David Miliband slams Labour's 2019 election approach
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The former Labour MP condemned Mr Corbyn’s 2019 campaign for Prime Minister as inherently damaging to the Labour support base. Mr Miliband suggested the ex-Labour Leader had “offended” party supporters resulting in a devastating election result and consequential turbulent backing for the party. He claimed the Labour party was still suffering the fallout of Mr Corbyn’s election failure as long-term supporters were hugely disappointed by Labour’s “fall from grace.”
Speaking to Channel 4, Mr Miliband said: “We almost went out of our way to offend every section of the electorate in 2019, ‘we’ as a party.”
He suggested the 2019 election campaign had been hugely harmful to Labour’s electoral support as the party suffered a devastating loss.
The former Labour MP continued: “I remain a party member, a party loyalist, and we went backwards.
“We got a result that took us back to the equivalent of 1935.
“It was spectacular – fall from grace makes it seem like an accident.”
Mr Miliband, who served as Foreign Secretary under Prime Minister Gordon Brown, suggested the “fall from grace” was not unexpected under Jeremy Corbyn.
He added: “I mean, the party chose to violate so many of the most core assumptions of British voters.
“So, I think Keir is digging ourselves out of, digging us out of a very deep hole.”
Mr Miliband claimed the current Labour Leader Sir Keir Starmer was still battling to secure the party’s recovery from Corbyn’s abysmal campaign.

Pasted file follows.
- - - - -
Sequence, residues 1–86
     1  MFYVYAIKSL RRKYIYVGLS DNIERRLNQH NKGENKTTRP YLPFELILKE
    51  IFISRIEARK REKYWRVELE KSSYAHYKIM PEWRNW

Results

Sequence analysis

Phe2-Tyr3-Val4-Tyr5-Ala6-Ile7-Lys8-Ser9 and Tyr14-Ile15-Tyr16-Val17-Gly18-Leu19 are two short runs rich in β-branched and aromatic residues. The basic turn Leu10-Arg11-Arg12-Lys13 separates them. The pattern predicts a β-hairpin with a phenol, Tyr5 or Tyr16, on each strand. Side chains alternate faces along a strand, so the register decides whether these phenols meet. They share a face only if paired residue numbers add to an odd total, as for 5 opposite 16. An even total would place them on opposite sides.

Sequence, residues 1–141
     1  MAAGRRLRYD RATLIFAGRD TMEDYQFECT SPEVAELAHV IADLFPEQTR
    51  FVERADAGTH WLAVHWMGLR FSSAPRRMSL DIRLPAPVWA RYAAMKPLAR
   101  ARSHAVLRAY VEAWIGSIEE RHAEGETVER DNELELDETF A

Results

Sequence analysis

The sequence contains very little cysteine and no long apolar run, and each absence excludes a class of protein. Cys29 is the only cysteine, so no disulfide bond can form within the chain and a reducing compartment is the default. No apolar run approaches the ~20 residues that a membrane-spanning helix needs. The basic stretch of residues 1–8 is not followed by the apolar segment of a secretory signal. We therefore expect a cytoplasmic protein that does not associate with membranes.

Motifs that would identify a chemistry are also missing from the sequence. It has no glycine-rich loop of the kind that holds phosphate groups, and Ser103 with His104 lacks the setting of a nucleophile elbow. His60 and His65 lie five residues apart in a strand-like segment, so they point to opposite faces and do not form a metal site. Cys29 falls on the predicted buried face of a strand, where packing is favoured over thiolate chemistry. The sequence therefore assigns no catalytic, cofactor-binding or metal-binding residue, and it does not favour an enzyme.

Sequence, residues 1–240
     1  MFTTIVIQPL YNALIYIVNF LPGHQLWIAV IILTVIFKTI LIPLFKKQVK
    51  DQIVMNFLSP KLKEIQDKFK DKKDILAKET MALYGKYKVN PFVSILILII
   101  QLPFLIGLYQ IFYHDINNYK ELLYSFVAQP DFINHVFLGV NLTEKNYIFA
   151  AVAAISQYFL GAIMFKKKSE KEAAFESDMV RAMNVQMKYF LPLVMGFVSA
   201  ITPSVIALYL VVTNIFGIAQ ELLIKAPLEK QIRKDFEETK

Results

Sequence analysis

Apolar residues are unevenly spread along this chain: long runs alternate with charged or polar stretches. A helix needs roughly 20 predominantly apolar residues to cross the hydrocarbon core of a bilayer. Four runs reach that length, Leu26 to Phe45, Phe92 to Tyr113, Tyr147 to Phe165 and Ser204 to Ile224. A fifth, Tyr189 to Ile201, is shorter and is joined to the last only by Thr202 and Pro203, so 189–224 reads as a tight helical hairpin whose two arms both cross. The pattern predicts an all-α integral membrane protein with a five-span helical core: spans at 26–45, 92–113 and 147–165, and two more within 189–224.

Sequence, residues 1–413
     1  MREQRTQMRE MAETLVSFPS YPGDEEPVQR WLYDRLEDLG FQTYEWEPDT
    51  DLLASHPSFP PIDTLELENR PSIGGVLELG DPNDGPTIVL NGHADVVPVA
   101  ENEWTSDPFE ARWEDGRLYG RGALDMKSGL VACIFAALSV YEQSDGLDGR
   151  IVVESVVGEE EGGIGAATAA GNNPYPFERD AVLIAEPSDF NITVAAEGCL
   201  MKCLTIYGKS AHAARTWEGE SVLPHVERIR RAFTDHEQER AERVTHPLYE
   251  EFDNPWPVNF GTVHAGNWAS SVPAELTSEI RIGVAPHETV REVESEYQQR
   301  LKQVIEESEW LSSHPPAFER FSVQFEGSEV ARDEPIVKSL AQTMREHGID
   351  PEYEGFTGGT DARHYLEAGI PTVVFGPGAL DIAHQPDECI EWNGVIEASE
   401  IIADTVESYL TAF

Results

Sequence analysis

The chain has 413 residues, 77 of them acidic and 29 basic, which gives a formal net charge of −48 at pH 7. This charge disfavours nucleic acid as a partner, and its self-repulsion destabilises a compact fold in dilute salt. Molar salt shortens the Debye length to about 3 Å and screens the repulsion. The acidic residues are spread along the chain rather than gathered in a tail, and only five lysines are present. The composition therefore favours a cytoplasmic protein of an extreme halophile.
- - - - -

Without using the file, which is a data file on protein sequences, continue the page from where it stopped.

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The former MP, who was the Labour representative to the Commons for South Shields for over a decade, slammed Corbyn’s controversial campaign.
Mr Corbyn’s election bid ended in tragedy for the Labour party as the Conservatives, led by current Prime Minister Boris Johnson, secured an indisputable general election majority.
Under Jeremy Corbyn, the Labour party lost a shocking 59 seats in the House of Commons as the Conservatives were able to gain 47 additional seats.
Labour’s share of the vote plummeted by 7.8% of their previous support with the significant loss prompting Mr Corbyn’s resignation as party leader.
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By the time of the 2019 general election, YouGov data shows 62 percent of those polled judged Jeremy Corbyn to be “dislikeable.”
Mr Miliband has previously described the leadership of Mr Corbyn as a “very low bar” set for Sir Keir to follow.
In wake of the 2019 election, further polling data has displayed the aftermath of Mr Corbyn’s leadership as, by the beginning of 2020, between 75 and 71 percent of the population judged the party to be weak.
Sir Keir has struggled to rebuild the party’s reputation but YouGov tracking data shows that, although the belief of Labour weakness has declined, the party is still only labelled ‘strong’ by a tiny minority of voters.
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